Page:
Graham, who's been networking in the village, recommends Tim McGregor (for the gardening) and his wife Myfanwy. Jane finds herself increasingly uneasy about the pair: she suspects Mrs McGregor of cruelty, and wishes Mr McGregor would mend the fence between the garden and the weir. And Graham is behaving more suspiciously than ever ...

I'm fond of Aiken's psychological crime novels, and though Died on a Rainy Sunday is short and somewhat predictable, it has admirable atmosphere: the claustrophobic feel of an English village during a rainy summer is horribly familiar. Jane takes the children for a bus ride on a Sunday because that's the only entertainment. The village post office -- yes, this is a dated novel, published and firmly rooted in the early Seventies -- is a hotbed of gossip. Jane is sensible and independent enough to consider divorce; she's a bit of a snob, though frankly the McGregors would bring out the elitist in anyone; she's also very vulnerable, and knows it.

A quick, entertaining read: Aiken's not a showy writer but she displays a great deal of insight into human nature.

Monday, January 03, 2011

2011/01: Offshore -- Penelope Fitzgerald

The barge-dwellers, creatures of neither firm land nor water, would have liked to be more respectable than they were. They aspired towards the Chelsea shore, where, in the early 1960s, many thousands lived with sensible aspirations and adequate amounts of money. But a certain failure, distressing to themselves, to be like other people, caused them to sink back, with so much else that drifted or was washed up, into the mud moorings of the great tideway. (p.10)
Offshore examines, askance, the lives of a ragtag assortment of people living on barges and houseboats in the shadow of Battersea Power Station. It's 1961 and, on land, Swinging London is just kicking off. Tilda and Martha (six and twelve years of age) mudlark for de Morgan tiles to fuel their Elvis habit. Their mother, Nenna, waits for her husband to see sense and abandon his Stoke Newington bedsit to join them on the Grace.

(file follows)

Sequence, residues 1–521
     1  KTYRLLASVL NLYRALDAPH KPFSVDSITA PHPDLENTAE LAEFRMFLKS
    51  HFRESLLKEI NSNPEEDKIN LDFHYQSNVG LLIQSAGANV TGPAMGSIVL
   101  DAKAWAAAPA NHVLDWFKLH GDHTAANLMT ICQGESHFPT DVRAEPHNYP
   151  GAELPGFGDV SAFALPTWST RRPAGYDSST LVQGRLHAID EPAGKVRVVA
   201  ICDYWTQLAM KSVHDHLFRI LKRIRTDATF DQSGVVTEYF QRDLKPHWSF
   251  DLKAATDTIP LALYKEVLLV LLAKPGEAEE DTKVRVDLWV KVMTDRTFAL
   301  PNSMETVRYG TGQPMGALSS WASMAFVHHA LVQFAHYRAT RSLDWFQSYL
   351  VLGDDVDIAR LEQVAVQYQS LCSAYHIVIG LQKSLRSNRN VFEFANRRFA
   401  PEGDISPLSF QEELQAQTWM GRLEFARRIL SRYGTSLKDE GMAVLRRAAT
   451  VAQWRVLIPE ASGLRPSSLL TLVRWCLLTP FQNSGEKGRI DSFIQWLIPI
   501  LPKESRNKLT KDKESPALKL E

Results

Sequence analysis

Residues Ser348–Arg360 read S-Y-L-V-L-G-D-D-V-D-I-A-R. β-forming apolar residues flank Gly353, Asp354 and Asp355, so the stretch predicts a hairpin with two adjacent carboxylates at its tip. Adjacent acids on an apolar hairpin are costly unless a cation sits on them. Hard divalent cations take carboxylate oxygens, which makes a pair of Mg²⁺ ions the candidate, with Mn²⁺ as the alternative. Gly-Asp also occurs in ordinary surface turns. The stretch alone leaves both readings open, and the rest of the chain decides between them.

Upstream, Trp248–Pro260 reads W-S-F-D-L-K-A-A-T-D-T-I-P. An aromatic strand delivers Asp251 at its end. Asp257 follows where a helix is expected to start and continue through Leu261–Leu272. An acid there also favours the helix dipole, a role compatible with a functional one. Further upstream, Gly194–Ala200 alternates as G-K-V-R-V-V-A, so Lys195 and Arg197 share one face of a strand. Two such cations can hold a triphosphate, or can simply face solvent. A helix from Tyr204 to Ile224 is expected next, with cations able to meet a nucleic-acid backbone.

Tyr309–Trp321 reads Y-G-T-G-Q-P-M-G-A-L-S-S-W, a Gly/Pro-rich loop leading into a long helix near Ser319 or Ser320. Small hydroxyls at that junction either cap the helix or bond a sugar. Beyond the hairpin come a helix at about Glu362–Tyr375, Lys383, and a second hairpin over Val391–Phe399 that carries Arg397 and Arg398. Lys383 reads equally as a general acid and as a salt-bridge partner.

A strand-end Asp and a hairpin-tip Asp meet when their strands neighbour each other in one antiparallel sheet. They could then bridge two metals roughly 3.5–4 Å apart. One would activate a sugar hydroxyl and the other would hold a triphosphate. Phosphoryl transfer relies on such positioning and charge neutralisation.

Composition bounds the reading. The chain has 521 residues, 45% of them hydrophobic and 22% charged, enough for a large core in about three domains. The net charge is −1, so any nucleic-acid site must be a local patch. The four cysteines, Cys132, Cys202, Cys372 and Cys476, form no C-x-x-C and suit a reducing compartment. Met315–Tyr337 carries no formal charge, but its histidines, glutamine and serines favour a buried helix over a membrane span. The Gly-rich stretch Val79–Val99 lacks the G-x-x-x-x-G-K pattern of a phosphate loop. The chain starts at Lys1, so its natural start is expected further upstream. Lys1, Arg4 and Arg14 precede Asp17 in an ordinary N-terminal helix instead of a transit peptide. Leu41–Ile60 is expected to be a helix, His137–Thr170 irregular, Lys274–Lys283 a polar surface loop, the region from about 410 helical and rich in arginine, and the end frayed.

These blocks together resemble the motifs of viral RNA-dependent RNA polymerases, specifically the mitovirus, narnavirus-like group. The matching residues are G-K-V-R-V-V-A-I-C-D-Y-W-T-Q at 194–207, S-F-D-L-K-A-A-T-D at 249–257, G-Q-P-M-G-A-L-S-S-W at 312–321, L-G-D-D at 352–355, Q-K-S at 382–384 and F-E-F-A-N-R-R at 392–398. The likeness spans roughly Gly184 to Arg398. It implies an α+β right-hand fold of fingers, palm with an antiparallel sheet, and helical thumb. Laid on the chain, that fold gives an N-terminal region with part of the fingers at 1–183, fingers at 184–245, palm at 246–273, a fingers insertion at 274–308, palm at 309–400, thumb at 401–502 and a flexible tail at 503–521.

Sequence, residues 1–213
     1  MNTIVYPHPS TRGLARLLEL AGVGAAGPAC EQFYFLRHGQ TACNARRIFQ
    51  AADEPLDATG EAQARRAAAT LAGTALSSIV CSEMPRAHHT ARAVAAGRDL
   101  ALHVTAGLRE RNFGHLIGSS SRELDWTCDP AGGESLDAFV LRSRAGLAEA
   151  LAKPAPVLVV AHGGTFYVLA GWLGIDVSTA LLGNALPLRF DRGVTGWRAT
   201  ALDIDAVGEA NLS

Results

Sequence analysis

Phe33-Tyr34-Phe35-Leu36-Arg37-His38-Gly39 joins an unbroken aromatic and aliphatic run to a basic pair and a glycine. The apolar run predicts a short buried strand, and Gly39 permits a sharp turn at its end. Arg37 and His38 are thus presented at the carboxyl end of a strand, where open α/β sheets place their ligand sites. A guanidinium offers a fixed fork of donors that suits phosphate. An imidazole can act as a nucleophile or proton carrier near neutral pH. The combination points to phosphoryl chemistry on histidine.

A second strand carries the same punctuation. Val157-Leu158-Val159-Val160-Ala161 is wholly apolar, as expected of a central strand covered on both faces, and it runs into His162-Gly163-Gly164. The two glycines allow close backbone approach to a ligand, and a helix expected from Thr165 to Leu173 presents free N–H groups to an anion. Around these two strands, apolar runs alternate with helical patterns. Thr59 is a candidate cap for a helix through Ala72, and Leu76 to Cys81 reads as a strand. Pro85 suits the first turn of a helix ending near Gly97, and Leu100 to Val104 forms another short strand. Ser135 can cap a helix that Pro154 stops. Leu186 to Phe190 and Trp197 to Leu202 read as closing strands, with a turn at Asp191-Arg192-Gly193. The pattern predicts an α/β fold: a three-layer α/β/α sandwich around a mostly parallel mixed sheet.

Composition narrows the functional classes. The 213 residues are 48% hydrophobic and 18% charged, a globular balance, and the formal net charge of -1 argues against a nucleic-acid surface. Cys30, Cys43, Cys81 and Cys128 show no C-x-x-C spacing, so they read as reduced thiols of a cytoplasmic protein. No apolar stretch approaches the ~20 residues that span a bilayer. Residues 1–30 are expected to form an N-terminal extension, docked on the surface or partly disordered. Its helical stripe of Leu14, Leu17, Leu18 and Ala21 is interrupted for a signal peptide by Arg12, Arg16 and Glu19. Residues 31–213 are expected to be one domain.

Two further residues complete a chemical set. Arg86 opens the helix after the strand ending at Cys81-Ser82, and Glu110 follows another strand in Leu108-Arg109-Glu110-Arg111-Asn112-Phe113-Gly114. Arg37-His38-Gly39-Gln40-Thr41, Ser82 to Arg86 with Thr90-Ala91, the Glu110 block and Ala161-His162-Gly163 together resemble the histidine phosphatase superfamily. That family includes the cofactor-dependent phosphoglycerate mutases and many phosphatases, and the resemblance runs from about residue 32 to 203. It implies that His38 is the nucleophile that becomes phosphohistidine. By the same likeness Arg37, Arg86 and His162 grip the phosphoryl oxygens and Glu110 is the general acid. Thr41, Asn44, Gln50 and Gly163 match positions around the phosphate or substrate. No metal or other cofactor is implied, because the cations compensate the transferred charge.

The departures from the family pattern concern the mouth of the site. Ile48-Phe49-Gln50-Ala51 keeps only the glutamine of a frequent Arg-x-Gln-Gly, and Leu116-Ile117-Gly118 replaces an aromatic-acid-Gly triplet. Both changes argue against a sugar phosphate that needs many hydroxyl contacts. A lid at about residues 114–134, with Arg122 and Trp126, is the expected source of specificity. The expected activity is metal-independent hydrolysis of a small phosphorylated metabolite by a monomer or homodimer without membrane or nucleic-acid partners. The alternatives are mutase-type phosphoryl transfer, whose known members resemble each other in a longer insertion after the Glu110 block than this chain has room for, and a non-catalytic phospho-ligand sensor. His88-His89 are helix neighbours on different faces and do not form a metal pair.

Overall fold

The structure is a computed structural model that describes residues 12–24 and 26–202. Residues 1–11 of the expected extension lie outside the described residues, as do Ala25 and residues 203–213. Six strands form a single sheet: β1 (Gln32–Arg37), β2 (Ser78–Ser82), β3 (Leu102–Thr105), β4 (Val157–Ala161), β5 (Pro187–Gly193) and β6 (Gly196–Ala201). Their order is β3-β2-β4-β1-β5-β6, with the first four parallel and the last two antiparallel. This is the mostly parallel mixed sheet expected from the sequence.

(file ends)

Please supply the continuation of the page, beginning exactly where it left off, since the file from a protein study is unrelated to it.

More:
When Nenna can't sleep, she sits up with Maurice (whose income derives from picking up men in the local pub, and possibly from selling on some of the stolen goods left on his boat by the nefarious Henry) and they put the world to rights. Richard, the closest to a leader that the boat-owners have, is ex-Navy and determined to keep things shipshape: Although he tried hard to do so, Richard could never see how anyone could live without things in working order (p.18). His wife Laura is not content with life on the rolling Thames. Once-successful marine artist Willis would just like to patch over the leaks long enough to sell his boat and live ashore with his sister.

But Nenna and her precocious daughters are the focal point of the novel. How does Nenna make ends meet? What will become of Tilda and Martha if the nuns don't stop praying for them? (The nuns' prayers are presently a bone of contention.) Will Edward return to his family? What, exactly, is the nature of his arrangement with his housemates in Stoke Newington? (I think this is alluded to, subtly and quietly, in the final scene.)

Offshore is a very funny, and quietly profound, novel -- novella, perhaps; it's under 50,000 words -- and though the ending feels abrupt, it settles after reading into a strange equilibrium. The boatowners are not precisely Bohemian, but they've turned their backs, one way or another, on shore life. Even Nenna's cat, Stripey -- who can only prey on rats below a certain size: the larger ones chase her -- is a quintessential ship's cat: in every way appropriate to the Reach. She habitually moved in a kind of nautical crawl, with her stomach close to the deck, as though close-furled and ready for dirty weather (p.29). Everyone's adrift, everyone's reaching for a lifeline, and a storm is coming.

My parents met in a similar community, at a similar time, just upriver at Strand-on-the-Green. It's strange how much of the novel seemed familiar to me from their anecdotes.